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tificate, that the document was dated within 24 hours of the time of departure, and that the child was apparently in good physical condition. If all of these requirements were satisfied the service identification card was issued to the traveler, and simultaneously with the issuance of this card the duplicate thereof was immediately mailed to the health officer of the city or town to which the passenger was destined.

It was to be expected that in the limited time at the disposal of travelers, the haste to board trains, and the difficulties encountered from those unable to make themselves comprehended, that errors in obtaining addresses would occur, but these were exceptionally rare, and it can be safely asserted that during the time the system was in operation in practically every instance health officers were promptly notified of arrivals from the infected city.

The Public Health Service did not at any time purport to guarantee safe entry into the place of destination, and it was made clear to all travelers that the local authorities had complete power to raise whatever barriers seemed necessary for the protection of their communities. It was also made plain that the service exercised no jurisdiction over intrastate traffic. The notification cards as received by the health officer at the point of destination merely guaranteed that the traveler came from uninfected premises and was apparently well at the time of departure from the city.

During the early days of the epidemic the notification cards were forwarded directly to the local health authorities. Subsequently, at the special conference of State and Territorial health officers with the Public Health Service for the consideration of the prevention of the spread of poliomyelitis, it was suggested that in dealing with communities of less than 10,000 population, many of which were without boards of health or other organizations capable of handling the situation, that the original cards be forwarded to the State board of health for official record and whatever further action appeared desirable, and that the duplicates thereof be sent to the local authorities. This recommendation met with the official indorsement of the conference. Thereafter the modified procedure was followed. Inasmuch as a number of States required that all newcomers make their presence known to the health authorities immediately after arrival the system served as a double check upon persons of this class originating in New York City.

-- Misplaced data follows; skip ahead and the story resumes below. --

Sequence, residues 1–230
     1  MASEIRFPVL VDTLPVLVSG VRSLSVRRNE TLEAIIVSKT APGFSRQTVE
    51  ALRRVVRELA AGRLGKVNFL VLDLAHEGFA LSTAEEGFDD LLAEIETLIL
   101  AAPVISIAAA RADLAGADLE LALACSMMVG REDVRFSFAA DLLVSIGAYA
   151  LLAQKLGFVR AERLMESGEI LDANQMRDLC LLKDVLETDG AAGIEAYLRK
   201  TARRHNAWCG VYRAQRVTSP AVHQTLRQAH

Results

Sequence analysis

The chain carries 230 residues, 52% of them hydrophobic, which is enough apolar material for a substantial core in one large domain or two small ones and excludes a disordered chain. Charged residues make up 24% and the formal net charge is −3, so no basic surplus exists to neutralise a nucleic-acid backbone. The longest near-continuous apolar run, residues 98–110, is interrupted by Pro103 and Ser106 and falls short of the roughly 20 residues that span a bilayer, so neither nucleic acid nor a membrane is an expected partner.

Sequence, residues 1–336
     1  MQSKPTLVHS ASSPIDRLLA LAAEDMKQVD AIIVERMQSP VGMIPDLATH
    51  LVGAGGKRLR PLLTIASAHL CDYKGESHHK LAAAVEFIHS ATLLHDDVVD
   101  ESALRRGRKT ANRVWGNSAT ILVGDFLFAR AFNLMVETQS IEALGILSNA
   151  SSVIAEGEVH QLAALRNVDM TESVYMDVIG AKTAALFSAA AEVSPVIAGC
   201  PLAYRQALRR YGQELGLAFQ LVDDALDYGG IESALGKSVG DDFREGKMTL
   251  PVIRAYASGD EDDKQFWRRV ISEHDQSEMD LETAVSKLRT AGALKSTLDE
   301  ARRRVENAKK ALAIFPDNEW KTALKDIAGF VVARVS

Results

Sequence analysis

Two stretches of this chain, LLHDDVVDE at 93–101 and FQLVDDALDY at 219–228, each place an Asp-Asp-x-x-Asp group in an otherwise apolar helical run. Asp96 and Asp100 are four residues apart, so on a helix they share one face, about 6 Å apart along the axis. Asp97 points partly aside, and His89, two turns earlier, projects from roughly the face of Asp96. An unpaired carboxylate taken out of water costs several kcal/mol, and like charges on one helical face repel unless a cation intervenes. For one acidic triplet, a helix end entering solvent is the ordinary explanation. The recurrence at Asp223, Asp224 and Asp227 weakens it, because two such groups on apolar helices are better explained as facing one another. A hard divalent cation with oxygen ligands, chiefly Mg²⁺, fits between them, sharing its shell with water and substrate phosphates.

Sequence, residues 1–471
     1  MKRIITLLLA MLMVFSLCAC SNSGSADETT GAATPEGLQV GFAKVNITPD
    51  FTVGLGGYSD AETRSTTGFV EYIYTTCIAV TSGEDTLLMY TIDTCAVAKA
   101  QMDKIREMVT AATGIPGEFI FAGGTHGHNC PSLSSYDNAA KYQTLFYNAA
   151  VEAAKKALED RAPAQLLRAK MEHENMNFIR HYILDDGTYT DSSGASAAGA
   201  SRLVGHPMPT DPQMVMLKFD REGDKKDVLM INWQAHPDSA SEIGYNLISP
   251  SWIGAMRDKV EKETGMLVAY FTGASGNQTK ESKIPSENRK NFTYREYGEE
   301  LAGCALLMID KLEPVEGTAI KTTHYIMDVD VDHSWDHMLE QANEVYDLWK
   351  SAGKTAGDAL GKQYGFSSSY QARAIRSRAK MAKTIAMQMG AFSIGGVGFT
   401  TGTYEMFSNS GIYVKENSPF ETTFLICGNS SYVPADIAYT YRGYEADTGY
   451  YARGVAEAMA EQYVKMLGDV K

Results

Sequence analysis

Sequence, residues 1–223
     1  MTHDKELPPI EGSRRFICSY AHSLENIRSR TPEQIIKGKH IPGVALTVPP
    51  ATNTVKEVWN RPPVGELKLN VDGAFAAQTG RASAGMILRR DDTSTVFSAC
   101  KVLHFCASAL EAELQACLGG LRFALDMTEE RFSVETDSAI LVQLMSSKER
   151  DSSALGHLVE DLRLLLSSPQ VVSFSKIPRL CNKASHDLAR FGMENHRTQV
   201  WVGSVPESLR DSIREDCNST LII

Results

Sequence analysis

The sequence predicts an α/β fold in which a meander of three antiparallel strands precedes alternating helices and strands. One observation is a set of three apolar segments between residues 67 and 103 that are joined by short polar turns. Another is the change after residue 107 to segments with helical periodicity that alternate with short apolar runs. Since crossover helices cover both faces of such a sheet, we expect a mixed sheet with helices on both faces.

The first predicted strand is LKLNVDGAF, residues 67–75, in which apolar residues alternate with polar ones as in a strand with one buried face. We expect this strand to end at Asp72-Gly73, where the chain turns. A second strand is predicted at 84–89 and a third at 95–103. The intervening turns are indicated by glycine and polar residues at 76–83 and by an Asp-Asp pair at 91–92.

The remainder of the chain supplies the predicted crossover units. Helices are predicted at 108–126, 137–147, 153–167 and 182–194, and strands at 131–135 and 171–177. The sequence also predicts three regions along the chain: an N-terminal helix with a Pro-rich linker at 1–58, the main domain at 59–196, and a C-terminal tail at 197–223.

The notification card used corresponded to the following form: Passengers leaving New York city for other States and accompanied by children under 15 years of age will please fill out this card.

NEW YORK,

1916.

To the Health Officer at point of destination:

The person named below left New York to-day.

Name

Point of destination

Local address at point of destination_

Number of children under 15 years of age accompanying_

This information is furnished you on account of the present outbreak of poliomyelitis (infantile paralysis) in New York City.

Respectfully,

RUPERT BLUE,

Surgeon General, U. S. Public Health Service.

Treasury Department,

Bureau of the Fublic Health Service, Washington.

Return after five days.

(Side of card for the address.)

To the HEALTH OFFICER,

Official business. Penalty for private use to avoid payment of postage, $300.

In those instances where travelers were unwilling or unable to give their local address at the point of destination, they were informed that notification cards would be withheld pending final decision in the matter. As a result of this action local health officers encountered but little difficulty in locating those arriving from New York City.